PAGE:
I wonder if she's ever been stopped in the street in some Italian town by bewildered Scottish tourists, who ask her for directions in whatever broken Italian they can manage, only to be delighted with a response in English flavored with the distinctive brogue that makes them feel like they're back at home.😉 (Something like this often happened to me with American tourists when I lived in Italy, who took me for a "local" and were surprised to hear me speak like them, so I know it can be fun.) What I mean to say is that, other than her very Italian name and her very Mediterranean face and complexion, this first generation native-born daughter of Italian immigrants is Scottish to the bone — the toast of North Ayrshire on the Firth of Clyde in Western Scotland.

Clearly, the Americas are not the only places with Italian immigrants. There are Italian-Scottish people, and that's a very happy thing. Of course, it's something you notice especially because — like many of the new generation of classical artists — "Nicky" Benedetti is accessible (and quite articulate) on interactive media. In fact, she has some really good educational projects on her YouTube channel; like Wynton Marsalis, she loves teaching music and inspiring young people, including those just starting out.

She can also relate to Wynton's passion for both honoring and bringing forth new fruit from musical traditions. (Nicky has an entire album of Scottish themed music that includes collaboration with folk artists.) Some time after 2010, these two technically brilliant, generous-hearted, musically adventurous people began to collaborate and even challenge one another. What started as a plan for some pieces for solo violin (which would eventually become the "Fiddle Dance Suite") soon grew into aspirations for a full Violin Concerto.

At first it was Nicky's aspiration, but she found a way to convince Wynton to compose it for her. His 2010 "Swing Symphony" made her want seek a commission for a bold, full-orchestral piece with solo violin. Here was a chance to explore the vast terrain of Anglo-American music watered by many streams of classical structure, folk traditions, Celtic, African-American, blues, jazz, and contemporary idioms. Apparently it took some convincing to get Wynton to accept this challenge to write for violin and orchestra. Then, in an early stage of the work, Nicky prodded him to make the violin part more technically difficult. Judging from the final piece, I think he really decided to let her "have it." And she took it and ran with it.

The Concerto premiered in 2015 and has been well received in concert over the past five years. The performance that makes up part of the Grammy-winning record was with the Philadelphia Orchestra conducted by Cristian Macelaru in November 2017. The Fiddle Dance Suite was recorded in March 2019. The whole record was released last July.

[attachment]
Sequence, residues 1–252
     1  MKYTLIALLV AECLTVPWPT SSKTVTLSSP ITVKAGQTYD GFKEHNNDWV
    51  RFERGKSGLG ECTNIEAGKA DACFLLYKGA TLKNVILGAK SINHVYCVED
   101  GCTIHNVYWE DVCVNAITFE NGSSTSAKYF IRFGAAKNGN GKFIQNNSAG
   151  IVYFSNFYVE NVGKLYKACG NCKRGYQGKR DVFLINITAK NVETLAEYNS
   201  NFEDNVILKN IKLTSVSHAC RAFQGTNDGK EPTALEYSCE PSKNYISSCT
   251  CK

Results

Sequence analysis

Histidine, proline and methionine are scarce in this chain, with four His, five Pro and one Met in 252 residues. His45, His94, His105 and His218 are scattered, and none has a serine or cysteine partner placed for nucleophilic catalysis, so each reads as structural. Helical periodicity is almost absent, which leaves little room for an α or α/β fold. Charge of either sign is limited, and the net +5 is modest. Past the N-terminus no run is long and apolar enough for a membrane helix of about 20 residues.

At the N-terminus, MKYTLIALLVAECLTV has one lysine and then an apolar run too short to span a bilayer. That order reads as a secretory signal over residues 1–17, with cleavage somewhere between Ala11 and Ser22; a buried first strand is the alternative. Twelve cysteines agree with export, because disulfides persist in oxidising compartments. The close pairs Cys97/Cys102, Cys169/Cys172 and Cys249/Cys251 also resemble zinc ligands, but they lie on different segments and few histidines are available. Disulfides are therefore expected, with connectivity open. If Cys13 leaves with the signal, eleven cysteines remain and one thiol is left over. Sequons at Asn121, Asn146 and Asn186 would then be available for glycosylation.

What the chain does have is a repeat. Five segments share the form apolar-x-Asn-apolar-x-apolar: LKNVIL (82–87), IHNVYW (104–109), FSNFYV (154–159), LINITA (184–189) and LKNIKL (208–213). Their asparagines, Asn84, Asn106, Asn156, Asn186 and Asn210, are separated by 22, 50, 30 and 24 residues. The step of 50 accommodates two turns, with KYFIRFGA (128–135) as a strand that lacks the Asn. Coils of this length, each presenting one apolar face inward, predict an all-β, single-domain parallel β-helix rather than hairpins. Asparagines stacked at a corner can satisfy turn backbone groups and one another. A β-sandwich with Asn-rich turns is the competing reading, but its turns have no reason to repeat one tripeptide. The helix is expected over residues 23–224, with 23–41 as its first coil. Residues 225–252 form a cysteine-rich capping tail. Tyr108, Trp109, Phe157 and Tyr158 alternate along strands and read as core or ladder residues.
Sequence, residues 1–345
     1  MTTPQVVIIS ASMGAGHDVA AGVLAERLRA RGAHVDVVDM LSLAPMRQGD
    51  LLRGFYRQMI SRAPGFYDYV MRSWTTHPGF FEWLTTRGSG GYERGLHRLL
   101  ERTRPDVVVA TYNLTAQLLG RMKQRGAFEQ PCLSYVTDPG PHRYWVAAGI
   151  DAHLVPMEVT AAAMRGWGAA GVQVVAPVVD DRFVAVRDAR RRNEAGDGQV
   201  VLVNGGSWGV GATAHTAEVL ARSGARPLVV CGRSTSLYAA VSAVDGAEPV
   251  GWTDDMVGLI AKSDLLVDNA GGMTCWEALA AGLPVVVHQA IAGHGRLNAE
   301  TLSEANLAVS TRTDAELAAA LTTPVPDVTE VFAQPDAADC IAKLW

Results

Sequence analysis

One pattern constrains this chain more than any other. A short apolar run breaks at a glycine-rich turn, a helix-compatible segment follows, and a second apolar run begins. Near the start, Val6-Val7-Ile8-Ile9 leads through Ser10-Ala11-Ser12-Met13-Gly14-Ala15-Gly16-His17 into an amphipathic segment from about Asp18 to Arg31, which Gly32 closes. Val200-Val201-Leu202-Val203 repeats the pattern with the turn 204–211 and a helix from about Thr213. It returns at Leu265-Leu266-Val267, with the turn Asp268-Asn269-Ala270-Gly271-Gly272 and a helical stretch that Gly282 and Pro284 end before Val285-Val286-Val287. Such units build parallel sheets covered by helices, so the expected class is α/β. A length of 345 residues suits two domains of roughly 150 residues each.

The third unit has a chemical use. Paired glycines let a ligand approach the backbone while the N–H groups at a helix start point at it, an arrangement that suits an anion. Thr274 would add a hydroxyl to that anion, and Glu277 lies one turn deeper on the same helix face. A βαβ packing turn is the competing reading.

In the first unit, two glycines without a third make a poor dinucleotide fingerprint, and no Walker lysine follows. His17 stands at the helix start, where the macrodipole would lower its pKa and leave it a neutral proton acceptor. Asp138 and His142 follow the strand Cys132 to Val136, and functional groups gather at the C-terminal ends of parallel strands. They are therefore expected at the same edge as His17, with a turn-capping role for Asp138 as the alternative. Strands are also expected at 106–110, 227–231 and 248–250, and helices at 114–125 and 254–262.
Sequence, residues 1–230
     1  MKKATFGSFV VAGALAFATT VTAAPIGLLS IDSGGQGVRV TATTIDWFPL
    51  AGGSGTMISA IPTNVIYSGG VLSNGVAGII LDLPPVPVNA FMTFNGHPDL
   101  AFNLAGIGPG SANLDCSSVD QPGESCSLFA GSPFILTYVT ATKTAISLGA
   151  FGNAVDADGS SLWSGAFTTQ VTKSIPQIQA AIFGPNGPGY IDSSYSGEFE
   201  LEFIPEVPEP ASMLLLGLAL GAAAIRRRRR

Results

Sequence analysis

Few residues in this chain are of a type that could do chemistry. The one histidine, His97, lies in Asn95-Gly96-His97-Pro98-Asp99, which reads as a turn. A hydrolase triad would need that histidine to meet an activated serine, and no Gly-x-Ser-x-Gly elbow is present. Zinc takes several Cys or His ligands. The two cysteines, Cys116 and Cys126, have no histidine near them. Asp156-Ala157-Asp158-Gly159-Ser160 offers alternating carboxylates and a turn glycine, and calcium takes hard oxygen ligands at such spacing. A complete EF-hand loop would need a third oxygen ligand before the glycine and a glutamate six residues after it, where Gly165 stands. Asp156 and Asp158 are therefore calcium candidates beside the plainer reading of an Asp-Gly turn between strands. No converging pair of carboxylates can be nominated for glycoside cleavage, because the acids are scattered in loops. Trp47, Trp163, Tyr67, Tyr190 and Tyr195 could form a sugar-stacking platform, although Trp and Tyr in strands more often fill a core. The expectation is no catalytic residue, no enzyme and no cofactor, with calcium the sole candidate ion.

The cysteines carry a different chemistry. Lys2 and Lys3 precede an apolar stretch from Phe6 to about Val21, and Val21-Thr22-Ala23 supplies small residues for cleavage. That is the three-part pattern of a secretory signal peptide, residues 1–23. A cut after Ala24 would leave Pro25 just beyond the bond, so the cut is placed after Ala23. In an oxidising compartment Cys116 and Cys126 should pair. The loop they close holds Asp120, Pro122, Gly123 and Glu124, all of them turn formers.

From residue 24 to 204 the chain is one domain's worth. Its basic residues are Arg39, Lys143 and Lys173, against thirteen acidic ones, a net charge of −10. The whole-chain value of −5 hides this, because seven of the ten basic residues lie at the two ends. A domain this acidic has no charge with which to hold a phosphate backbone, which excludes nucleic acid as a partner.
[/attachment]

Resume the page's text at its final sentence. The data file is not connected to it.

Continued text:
I don't have to tell you I love stuff like this. What fascinates me here is not only the continuance and further fruition of different streams of musical tradition (some of which have already been blended, while others have rarely met before). I also love the collaboration of outstanding musical artists at the peak of their creativity. Often such collaborations prove to be impossible, but when they do manage to work, they are unforgettable.

The focus of the Grammy is "best solo performance." That's not to shortchange the collaboration. But, among other things, this is one of the best examples of a composer writing music for a particular musician, and that music being played by the musician, that I have heard in a long time. To put it in simpler terms: Wynton Marsalis gave Nicky Benedetti a showcase. And she SHOWED!

I know, I used a sight metaphor for music. I do have a bit of synthesia. But also, it's pretty awesome to watch Nicky play. I can only imagine the stature she has on a live stage. It certainly comes through on video, and maybe there will be a video recording of these works somewhere in the future. In fact, she played one of the solo pieces at the Grammy Awards (not during the prime time broadcast, but still they live streamed it that afternoon).

For now, what we can be grateful for is that we have a recording, which is in itself an admirable work of art.

This article is too long and I'm not finished. The last part will wait for another time. In any case the final story I want to tell goes beyond an awards show or a single stunning performance — it's a larger story about a person who is struggling, who turned anguish into music, who we almost lost a couple of years ago, and who we hope and pray will be with us for a long time to come.

Stay tuned for that, coming up sometime soon....🎵